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Yesterday at Wired 25 summit, Sundar Pichai, Google’s CEO, among other things, opened up to Backchannel’s Editor in chief, Steven Levy, about Project Dragonfly for the first time in public. Project Dragonfly is the secretive search engine that Google is allegedly developing which will comply with the Chinese rules of censorship. The following is my analysis of why Google is deeply invested in project Dragonfly.
Google’s mission since its inception has been to organize the world’s information and to make it universally accessible, as Steven puts it. When asked if this has changed in 2018, Pichai responded saying Google’s mission remains the same, and so do its founding values. However what has changed is the scale at which their operation, their user base, and their product portfolio. In effect, this means the company now views everything it does from a wider lens instead of just thinking about its users.
We're live with Sundar Pichai, CEO of Google at our #WIRED25 Summit in San Francisco.
Posted by WIRED on Monday, October 15, 2018
For Google, China is an untapped source of information
“We are compelled by our mission [to] provide information to everyone, and [China is] 20 percent of the world’s population”, said Pichai.
He believes China is a highly innovative and underserved market that is too big to be ignored. For this reason, according to Pichai at least, Google is obliged to take a long-term view on the subject. But there are a number of specific reasons that make China compelling to Google right now.
China is a huge social experiment at scale, with wide-scale surveillance and monitoring – in other words, data. But with the Chinese government keen to tightly control information about the country and its citizens, its not necessarily well understood by businesses from outside the country. This means moving into China could be an opportunity for Google to gain a real competitive advantage in a number of different ways.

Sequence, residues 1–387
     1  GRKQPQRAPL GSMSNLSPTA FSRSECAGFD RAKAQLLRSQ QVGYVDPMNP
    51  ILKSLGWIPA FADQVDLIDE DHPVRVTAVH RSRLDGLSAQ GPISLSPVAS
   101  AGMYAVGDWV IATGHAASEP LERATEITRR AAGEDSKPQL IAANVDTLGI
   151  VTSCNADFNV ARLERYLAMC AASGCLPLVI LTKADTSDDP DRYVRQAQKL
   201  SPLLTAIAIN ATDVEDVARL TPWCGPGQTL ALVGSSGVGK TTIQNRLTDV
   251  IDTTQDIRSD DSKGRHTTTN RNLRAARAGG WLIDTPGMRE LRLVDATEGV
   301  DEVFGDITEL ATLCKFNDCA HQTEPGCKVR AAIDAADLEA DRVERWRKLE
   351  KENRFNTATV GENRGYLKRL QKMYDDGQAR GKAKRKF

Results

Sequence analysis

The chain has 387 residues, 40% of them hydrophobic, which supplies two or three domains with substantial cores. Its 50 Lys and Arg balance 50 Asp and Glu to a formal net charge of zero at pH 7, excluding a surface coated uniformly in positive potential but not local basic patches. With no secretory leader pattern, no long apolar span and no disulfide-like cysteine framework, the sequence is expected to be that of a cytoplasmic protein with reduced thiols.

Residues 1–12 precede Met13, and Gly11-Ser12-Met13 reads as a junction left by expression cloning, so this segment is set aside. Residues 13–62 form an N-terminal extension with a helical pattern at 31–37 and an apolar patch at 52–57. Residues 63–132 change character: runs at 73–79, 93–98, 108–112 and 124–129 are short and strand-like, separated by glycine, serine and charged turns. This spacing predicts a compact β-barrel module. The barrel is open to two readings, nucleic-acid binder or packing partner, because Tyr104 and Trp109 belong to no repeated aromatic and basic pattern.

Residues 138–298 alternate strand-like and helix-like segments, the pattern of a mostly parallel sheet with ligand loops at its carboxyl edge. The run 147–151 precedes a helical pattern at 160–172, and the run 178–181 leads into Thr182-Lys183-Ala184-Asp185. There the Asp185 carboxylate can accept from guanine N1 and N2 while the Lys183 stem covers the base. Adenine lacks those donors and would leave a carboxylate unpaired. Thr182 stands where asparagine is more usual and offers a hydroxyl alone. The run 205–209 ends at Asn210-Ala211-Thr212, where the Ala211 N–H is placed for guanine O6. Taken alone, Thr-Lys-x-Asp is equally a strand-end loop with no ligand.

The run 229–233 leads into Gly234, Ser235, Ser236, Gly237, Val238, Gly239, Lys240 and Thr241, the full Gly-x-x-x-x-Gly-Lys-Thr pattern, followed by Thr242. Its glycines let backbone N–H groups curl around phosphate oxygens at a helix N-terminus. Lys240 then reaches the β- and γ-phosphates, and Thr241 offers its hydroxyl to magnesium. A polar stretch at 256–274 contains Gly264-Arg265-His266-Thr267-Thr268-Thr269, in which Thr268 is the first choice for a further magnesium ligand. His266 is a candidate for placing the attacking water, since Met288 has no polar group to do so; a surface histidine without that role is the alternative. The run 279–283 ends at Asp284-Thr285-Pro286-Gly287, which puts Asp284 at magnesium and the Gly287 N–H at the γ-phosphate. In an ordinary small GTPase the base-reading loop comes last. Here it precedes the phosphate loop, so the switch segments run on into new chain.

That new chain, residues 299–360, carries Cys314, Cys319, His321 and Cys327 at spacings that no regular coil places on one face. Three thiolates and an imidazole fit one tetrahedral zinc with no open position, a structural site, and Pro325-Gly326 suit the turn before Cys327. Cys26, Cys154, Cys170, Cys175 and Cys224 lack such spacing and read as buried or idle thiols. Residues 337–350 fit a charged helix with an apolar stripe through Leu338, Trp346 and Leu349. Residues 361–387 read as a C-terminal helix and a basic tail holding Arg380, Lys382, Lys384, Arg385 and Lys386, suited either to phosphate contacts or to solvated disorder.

Pichai confirmed that internal tests show that Google can serve well over 99 percent of search queries from users in China. This means they probably have a good working product prototype to launch soon, should a window of opportunity arise.
These lessons can then directly inform Google’s decisions about what to do next in China. What can Google do with all that exclusive knowledge?
Pichai wrote earlier last week to some Senate members who wanted answers on Project Dragonfly that Google could have “broad benefits inside and outside of China.” He did not go into detail, but these benefits are clear. Google would gain insight into a huge country that tightly controls information about itself and its citizens.
Helping Google to expand into new markets
By extension, this will then bring a number of huge commercial advantages when it comes to China. It would place Google in a fantastic position to make China another huge revenue stream. Secondly, the data harvested in the process could provide a massive and critical boost to Google’s AI research, products and tooling ecosystems that others like Facebook don’t have access to.
The less obvious but possibly even bigger benefits for Google are the wider applications of its insights. These will be particularly useful as it seeks to make inroads into other rapidly expanding markets such as India, Brazil, and the African subcontinent.
Helping Google to consolidate its strength in western nations
As well as helping Google expand, it’s also worth noting that Google’s Chinese venture could support the company as it seeks to consolidate and reassert itself in the west. Here, markets are not growing quickly, but Google could do more to advance its position within these areas using what it learns from business and product innovations in China.
The caveat: Moral ambivalence is a slippery slope
Let’s not forget that the first step into moral ambiguity is always the hardest. Once Google enters China, the route into murky and morally ambiguous waters actually gets easier.
Arguably, this move could change the shape of Google as we know it. While the company may not care if it makes a commercial impact, the wider implications of how tech companies operate across the planet could be huge.